sully: I had the rib eye at barclay prime last sautrday.....it was one of the best steaks I have ever had....would you rank it in the top 3 steak houses in philly?
Craig: Well, I'm really glad to hear you had a good experience at Barclay, which, prior to my revisit earlier this year (prepping for the 4-bell package) was my favorite steakhouse in town. Revisit was a big disappointment, with a ribeye that wasn't just burnt (apparently, chef slathered it with butter), but had been switched from the dry-aged cut we'd all come to know and love and swapped with a cheaper wet-aged beef. Since then, there's been a change in the kitchen and a return of the old dry-aged cut.
Comment From eml: My go-to sickness food is my mom's matzoh ball soup. At various holidays she makes up way more than needed and then portions out the extra for everyone's freezers...the best medicine ever!!
Craig: Agreed. If only I'd been able to crawl to Schlesinger's or Famous Deli, I probably would have been hugging a matzo ball. Cup-a-soup was a good first step in that direction.
ChesCo: Can you recommend a Mexican restaurant in Chester County? Thank you!
Craig: Sure... Taqueria Moroleon in Avondale (old-school survivor, good for gringos and Mexicans), and La Pena in Kennett Square (as authentic as it gets). Don't forget to visit La Michoacana Homemade Ice Cream in Kennett Square afterwards for some sweet corn or mango ice cream dusted with chile and canella.
Michael G: On a recent Saturday night 6 of us tried to get sushi in Center City without a reservation at about 7pm. Zama none till 11, Morimoto none at all, Sushi Vic would mean we kicked out everyone else. So we ended up at Shiroi Hana which is a decent place but it's never busy which scares me for a sushi place. Do you like Shiroi Hana?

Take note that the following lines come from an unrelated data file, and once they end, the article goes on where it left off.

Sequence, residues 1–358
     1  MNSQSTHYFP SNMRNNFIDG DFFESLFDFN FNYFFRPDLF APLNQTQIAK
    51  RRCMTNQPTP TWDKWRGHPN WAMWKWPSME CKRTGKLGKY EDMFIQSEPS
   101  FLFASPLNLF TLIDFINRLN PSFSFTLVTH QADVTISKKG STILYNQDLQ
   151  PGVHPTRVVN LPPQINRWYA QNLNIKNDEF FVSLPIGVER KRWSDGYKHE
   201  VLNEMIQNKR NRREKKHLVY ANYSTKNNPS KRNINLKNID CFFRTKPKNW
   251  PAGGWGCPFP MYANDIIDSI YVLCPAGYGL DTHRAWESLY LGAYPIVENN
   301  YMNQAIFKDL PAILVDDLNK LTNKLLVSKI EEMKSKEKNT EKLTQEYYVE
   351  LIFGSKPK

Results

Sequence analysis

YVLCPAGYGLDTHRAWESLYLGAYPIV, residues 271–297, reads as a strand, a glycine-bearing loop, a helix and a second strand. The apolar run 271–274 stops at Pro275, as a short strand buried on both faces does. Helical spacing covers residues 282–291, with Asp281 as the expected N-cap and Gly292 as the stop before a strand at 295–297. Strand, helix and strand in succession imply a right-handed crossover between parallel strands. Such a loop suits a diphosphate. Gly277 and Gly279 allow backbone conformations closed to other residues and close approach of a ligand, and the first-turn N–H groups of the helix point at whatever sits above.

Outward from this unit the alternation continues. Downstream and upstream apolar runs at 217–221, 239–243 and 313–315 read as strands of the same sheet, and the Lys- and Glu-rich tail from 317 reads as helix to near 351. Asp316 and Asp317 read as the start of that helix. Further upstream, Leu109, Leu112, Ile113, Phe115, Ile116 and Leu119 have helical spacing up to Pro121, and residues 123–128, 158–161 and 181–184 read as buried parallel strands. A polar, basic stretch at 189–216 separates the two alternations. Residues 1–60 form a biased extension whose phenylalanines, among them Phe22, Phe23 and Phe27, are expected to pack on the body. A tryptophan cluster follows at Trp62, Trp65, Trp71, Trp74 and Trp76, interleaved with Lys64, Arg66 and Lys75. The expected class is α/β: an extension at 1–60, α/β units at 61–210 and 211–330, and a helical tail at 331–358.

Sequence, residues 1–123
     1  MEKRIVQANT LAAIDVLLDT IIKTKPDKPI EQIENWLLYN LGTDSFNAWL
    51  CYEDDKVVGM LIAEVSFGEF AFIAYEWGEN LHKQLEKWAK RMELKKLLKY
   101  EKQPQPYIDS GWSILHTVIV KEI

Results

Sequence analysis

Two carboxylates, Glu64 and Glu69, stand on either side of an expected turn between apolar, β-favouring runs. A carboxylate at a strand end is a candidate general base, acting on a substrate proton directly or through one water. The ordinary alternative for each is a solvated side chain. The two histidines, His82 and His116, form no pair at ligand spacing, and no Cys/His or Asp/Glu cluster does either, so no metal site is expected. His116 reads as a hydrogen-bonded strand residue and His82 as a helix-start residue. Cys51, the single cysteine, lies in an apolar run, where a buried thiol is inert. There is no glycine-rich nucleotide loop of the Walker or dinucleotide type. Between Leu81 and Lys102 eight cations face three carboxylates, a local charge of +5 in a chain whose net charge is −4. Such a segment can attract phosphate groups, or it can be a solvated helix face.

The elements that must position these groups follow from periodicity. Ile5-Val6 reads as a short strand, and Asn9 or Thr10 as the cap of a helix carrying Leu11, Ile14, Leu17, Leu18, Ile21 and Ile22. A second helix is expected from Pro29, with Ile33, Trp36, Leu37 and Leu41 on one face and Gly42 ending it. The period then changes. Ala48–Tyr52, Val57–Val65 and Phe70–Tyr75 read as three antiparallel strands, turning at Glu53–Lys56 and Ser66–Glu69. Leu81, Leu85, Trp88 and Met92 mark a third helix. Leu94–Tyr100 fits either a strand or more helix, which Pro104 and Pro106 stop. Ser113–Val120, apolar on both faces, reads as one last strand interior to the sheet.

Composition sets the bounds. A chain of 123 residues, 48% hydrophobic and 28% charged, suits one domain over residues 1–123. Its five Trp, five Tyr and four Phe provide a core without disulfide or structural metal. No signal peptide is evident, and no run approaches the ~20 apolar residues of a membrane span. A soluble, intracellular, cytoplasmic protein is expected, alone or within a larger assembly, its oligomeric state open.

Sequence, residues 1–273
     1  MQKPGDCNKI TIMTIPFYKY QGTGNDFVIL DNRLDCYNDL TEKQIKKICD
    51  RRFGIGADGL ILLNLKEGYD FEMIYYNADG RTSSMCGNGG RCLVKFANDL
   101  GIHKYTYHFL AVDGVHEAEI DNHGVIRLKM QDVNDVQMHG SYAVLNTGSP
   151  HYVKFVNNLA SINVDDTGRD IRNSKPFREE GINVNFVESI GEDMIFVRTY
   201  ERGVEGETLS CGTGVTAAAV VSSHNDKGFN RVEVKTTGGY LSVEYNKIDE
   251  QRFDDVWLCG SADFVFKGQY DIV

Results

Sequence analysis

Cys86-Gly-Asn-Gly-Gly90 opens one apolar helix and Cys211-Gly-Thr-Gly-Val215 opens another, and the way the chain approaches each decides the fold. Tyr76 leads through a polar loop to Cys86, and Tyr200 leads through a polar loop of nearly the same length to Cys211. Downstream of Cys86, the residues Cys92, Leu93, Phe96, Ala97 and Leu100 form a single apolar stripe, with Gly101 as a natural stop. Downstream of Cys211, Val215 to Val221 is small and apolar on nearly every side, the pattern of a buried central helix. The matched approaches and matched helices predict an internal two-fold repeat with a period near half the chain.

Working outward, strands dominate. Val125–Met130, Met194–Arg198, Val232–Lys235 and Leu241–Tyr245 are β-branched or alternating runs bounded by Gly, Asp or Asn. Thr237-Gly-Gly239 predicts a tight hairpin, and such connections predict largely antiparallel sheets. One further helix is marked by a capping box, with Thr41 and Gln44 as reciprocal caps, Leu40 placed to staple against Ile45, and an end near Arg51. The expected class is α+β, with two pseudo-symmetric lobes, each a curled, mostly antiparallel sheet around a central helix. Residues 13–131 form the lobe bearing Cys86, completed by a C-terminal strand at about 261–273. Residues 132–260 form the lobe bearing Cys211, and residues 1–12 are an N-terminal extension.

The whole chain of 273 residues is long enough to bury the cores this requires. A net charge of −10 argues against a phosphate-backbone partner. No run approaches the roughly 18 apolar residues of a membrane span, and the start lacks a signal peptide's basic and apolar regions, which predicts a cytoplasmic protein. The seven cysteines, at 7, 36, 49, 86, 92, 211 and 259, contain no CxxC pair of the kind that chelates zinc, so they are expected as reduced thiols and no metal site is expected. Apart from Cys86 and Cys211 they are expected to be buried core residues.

Craig: I like the idea of Shiroi Hana. I like the look of Shiroi Hana. It's a surivor that's been a Center City staple for sushi for a long time. I'm just never wowed by what I'm served at Shiroi Hana - it's adequate, but not exciting.
stephen: Any suggestions for empanadas in Center City or nearby?
Craig: Gavin's, the Argentinean cafe off Pine Street near the Schuylkill River Park, is a great destination for empanadas. So is the Zea Mayes food truck, often at LOVE Park. And maybe the most underrated empanada joint in town? Sketch burgers in Fishtown.. they're doing unconventional things (seitan empanadas, etc.) but very very good.
arak: Curious to get your take on the HBO show Treme. Specifically, how you think the show has depicted the struggling chef played by Kim Dickens.
Craig: As a former Nola resident, I'm a big fan of Treme for all the reasons you'd expect - its devotion to the city's food and music scene. More importantly, I think the show has finally hit its strongest season in terms of writing - the characters and story lines are so much tighter this year. And that includes Kim's character, Janette Desautel, as the talented female chef, exiled for a while by Katrina to her parents' Midwestern home, then to D. Chang's NY kitchen, where she's recruited back to NOLA to open a new place. She's a real composite of a lot of NOLA chefs I know, from Susan Spicer to Anne Kearney, but so much more complex than a mere tribute. She's believable. I love her inner-struggles with art and opportunity (she seems genuinely creeped out by a benefactor who seems to be living down to her worst expectations as a sleazeball owner), her confused relationships (sleeping with sous-chef, ex-lover Davis).. and yet, she's so likable. Her Sazerac-tossing scene in Season One, taking revenge on GQ critic Alan Richman for his post-Katrina smackdown piece of New Orleans, is legendary.